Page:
Passport to prosperity?

Ever wonder why the healthcare industry is in such a mess? Here's one reason: the customer, consumer and wallet have no interests in common.

ManagementSpeak: We need to normalise our service delivery.

Translation: Our customers need to pay more to get less.

-- Luckily, this week's contributor normalised, or at least clarified, this bit of babble for us.

Ever wonder why the healthcare industry is such a mess? Here's one reason: the customer, consumer and wallet have no interests in common.

Customers, you'll recall, make buying decisions. So who makes the buying decision in a typical health care transaction?

It's like this: the germ makes you ill -- which pretty much decides that you need to see your doctor -- and your physician decides on your treatment. Think you're sick? In the healthcare industry, it's vendors and germs that are the customers.

Mass media is almost as weird. When you watch network television or read the newspaper, you are neither customer nor consumer. Advertisers are the ones making buying decisions because it's advertising that pays the bills. When you pay for a newspaper, at best you're covering the cost of raw materials.

Which also means the newspaper or television show isn't the product because a product is something you sell to make a profit. In mass media, the entertainment or information isn't product -- it's bait. The audience is the product, of which advertisers are both customer and consumer.

Which brings us to Microsoft's Passport service, Sun's Liberty Alliance and the whole idea of micropayment services. Micropayment services, which allow companies to profitably charge for low-value transactions, are supposed to transform marketplaces such as mass media by turning audiences into customers. The social consequences are highly desirable: customers have far more impact on product quality than product has on bait, which is why we expect HBO to be superior to CBS.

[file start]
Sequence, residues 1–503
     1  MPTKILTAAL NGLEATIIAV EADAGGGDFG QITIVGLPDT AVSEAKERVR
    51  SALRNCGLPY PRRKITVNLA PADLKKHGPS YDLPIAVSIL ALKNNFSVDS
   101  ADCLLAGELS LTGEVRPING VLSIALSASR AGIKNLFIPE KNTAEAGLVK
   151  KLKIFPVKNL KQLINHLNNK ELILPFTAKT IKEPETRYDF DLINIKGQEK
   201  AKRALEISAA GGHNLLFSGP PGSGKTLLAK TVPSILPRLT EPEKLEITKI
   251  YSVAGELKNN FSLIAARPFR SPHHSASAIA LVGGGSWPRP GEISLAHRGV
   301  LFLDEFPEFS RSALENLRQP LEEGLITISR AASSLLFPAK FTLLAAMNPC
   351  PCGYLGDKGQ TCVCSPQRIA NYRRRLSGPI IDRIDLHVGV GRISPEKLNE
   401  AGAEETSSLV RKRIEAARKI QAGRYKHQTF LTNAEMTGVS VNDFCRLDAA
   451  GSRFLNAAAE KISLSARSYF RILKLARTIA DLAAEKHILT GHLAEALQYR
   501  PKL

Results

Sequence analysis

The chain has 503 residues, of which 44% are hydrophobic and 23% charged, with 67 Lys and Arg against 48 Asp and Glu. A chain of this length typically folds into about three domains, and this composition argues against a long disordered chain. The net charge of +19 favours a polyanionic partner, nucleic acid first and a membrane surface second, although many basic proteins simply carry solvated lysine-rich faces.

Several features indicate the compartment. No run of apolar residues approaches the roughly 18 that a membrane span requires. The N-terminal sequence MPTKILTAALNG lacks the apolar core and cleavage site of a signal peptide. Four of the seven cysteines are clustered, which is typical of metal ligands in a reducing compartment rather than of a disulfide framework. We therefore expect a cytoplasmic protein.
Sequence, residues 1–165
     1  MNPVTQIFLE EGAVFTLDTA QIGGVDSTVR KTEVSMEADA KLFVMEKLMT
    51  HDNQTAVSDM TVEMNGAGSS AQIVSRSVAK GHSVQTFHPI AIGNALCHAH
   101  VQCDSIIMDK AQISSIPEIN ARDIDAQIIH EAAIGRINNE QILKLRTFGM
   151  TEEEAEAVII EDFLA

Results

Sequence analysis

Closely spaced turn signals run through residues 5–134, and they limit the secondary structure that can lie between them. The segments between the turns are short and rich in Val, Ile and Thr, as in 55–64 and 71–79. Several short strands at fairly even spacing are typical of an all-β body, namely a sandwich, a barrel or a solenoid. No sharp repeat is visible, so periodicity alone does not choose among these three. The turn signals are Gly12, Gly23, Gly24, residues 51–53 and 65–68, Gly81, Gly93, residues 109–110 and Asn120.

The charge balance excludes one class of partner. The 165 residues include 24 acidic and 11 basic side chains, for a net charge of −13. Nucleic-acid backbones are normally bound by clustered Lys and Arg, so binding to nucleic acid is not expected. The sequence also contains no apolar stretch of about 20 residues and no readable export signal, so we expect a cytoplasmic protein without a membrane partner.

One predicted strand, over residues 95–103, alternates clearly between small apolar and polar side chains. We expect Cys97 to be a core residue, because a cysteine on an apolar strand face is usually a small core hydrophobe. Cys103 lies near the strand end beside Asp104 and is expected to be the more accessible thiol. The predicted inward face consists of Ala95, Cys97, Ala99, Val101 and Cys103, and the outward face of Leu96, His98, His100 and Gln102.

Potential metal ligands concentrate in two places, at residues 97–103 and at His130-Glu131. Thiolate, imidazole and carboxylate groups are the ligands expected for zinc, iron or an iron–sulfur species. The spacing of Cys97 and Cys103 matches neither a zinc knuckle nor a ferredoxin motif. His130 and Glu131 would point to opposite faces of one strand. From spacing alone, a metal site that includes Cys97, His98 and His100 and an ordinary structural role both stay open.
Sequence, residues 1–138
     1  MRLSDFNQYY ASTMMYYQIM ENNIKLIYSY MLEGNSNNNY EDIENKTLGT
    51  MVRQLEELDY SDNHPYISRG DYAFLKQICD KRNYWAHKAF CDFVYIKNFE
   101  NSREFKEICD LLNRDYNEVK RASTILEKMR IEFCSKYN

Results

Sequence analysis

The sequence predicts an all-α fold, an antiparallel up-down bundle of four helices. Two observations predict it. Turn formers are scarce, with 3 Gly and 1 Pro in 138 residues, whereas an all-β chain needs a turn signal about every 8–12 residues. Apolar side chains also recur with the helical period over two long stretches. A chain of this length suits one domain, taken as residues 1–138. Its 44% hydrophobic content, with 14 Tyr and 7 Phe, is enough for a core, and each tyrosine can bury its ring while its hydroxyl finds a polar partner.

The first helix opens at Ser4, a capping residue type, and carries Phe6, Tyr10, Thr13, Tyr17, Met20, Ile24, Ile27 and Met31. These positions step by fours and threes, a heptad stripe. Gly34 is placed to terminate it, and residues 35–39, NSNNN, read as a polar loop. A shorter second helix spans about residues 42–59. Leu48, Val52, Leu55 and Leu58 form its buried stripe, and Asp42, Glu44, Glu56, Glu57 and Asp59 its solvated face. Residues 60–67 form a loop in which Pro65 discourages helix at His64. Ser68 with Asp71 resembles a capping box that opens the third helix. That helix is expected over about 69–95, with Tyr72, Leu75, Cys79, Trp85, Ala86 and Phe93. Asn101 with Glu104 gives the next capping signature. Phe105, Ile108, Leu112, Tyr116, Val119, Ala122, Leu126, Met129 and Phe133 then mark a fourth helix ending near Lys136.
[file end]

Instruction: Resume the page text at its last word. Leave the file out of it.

Here's the problem: the only economic beneficiaries are sellers. If we become the customers, the current customers -- advertisers -- lose an important way to buy access to us. Media consumers -- that's us, the product -- not only have to pay for content we used to get for free, but as Clay Shirky pointed out a couple of years ago in his well-reasoned article, "The Case Against Micropayments" (see www.shirky.com), we now have to make lots of buying decisions instead of just the one we make when we buy a subscription, or the zero we make for sponsored content.

If you're a technology chief or otherwise involved in evaluating which business model will work for your company, you might be considering a micropayment-based strategy. Before you do, consider that consumers would rather get a sponsored newspaper than pay a few cents for each article.

Although I'm sure you would be more than willing to pay much more than that to receive this column each week.

Wouldn't you? Reassure Lewis. He is president of IT Catalysts, an independent US consultancy.

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